There was plenty about his game that made them all wince, especially when they watched him around second base, allowing base runners dangerously close before firing off a relay throw with that sidewinding whip that had finished Chuck Wiles's career. "As a second baseman," Charlie Grimm said, cringing, "Aaron is a very good hitter. But we'll find a place for that bat."
In the cage, too, there were funky elements to his approach: that stomp on the front foot as he met the ball, which brought forth murmurs among the men that with his hitting style, Henry would never have substantial power (And why didn't his coaches at the minor leagues break that habit? they asked). They noticed how Henry swung almost as quickly as the ball left the pitcher's hand, leaving him to commit to pitches at eyebrow level or near his shoelaces.
And yet and yet when the baseball men took a snapshot of the moment the ball met the bat -- the moment that mattered most -- twenty-year-old Henry Aaron was pure gold. He would stand in the box, legs tight in a closed stance, leaning and crouched. And he would strike, catlike, hands back, then bring them forward with a thrusting motion, and at the last millisecond -- everything about hitting in the big leagues was measured in milliseconds -- the wrists that looked too skinny to produce power would snap through the zone, the hips would twist and uncoil, and the ball would just leap to left to center and especially to right field. And the men behind the cage, the ones who would have killed to be able to cut at a baseball like that just once in their lives, to watch it sizzle upon impact, well, they just salivated. These were men who had spent their entire lives in the game, were collectively older than God, and all had seen Olympus in the form of Ruth, Gehrig, Greenberg, Cobb, all the very best. And it was Cobb, of all people, the old racist but inscrutable baseball mind, who seemed to like Henry the best. "Incidentally, Ty Cobb rates Henry Aaron, Braves' Negro newcomer, one of the best young players he has seen in years," reported Al Wolf in the Los Angeles Times. "Calls him a hitting natural."
Each day, [Braves manager Charlie] Grimm would watch Henry hit, and the baseball men would look at each other slyly -- grim-faced on the outside, because no matter how good a player might be, you couldn't ever give away too much praise too early. That could ruin a kid. But inside, where it counted, Henry's talent reduced them all to giddy schoolboys bubbling with a secret.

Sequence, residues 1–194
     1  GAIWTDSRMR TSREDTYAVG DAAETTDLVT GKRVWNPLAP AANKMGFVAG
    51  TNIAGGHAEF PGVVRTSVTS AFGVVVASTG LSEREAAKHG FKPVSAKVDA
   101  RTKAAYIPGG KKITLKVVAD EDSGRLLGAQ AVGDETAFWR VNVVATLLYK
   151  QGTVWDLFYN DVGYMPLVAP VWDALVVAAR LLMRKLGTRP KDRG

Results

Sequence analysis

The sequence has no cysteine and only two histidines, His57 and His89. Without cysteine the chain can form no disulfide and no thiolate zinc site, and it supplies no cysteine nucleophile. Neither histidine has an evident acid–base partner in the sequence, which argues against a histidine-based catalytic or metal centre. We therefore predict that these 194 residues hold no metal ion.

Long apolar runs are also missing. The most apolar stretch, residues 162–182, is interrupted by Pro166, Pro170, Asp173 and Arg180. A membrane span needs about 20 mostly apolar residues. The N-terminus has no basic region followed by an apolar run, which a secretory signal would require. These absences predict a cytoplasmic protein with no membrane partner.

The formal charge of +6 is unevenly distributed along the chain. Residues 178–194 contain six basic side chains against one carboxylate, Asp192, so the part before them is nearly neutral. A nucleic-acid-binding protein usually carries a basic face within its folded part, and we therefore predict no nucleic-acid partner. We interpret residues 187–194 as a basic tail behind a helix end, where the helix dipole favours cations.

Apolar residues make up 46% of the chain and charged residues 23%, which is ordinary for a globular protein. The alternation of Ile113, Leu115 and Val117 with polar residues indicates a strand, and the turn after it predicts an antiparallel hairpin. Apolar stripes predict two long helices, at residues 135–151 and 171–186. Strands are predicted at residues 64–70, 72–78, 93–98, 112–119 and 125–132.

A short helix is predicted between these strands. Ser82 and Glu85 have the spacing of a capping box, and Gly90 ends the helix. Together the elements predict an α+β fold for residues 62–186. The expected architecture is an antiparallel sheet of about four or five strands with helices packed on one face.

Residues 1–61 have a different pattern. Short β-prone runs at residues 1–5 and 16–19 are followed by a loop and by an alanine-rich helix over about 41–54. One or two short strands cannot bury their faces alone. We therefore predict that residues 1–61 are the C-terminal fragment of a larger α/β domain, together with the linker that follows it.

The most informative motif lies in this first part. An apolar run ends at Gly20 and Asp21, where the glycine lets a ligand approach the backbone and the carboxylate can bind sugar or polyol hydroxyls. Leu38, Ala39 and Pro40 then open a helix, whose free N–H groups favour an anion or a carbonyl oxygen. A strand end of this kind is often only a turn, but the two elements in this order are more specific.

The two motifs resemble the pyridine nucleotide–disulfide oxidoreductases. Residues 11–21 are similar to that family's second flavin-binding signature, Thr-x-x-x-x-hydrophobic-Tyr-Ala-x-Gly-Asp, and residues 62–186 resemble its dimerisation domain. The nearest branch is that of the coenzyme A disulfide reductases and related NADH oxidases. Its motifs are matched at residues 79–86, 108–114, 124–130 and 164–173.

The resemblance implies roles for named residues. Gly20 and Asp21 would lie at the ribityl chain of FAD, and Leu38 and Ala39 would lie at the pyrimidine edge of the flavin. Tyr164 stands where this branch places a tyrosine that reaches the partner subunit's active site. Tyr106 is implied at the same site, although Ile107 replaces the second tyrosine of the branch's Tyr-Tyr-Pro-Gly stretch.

Henry was not on the Braves major-league roster, but Charlie Grimm wouldn't let the kid out of his sight. One Saturday morning in early March, Henry was told to remain in Bradenton with the rest of the minor leaguers while the big club played four games on the east side of the state. Grimm would have none of it. Grimm told Henry -- who had not yet even been issued a Braves uniform -- that while he did not know what position Henry would be playing, he was to take orders only from him. "Pack a bag," Grimm told Henry, "and stick with me." That meant games against the Dodgers in Miami and the Philadelphia A's in West Palm Beach and Pittsburgh in Fort Pierce.
Each day, Grimm would watch Henry hit, and the baseball men would look at each other slyly -- grim-faced on the outside, because no matter how good a player might be, you couldn't ever give away too much praise too early. That could ruin a kid. But inside, where it counted, Henry's talent reduced them all to giddy schoolboys bubbling with a secret. And smile they would at their good fortune, because Henry belonged to them, and the general manager, John Quinn, always made it a point to remind the newsmen first of his shrewdness: He'd got Henry for the bargain price of ten thousand dollars, and he would reaffirm his belief that the Braves could fetch ten times that sum from other teams. "I understand now," Paul Richards said, "why everyone raves about that kid. He's got powerful wrists, the kind all great hitters have."
The only man in the Braves organization who wasn't smiling was George "Twinkletoes" Selkirk, the former Yankee outfielder, who through the thirties and forties had teamed with Ruth, Gehrig, and DiMaggio during an all-star career and won five World Series championships. He was now the manager of the Toledo Sox, Milwaukee's Class AA affiliate, and in January, Quinn told Selkirk he would have Henry for the entire 1954 season. Yet here it was, not even St. Patrick's Day, and Selkirk was already groaning to Red Thisted of the Milwaukee Sentinel. "I don't think," Selkirk said, "that we'll ever have him in a Toledo uniform." And he hated himself even more because he knew he was right.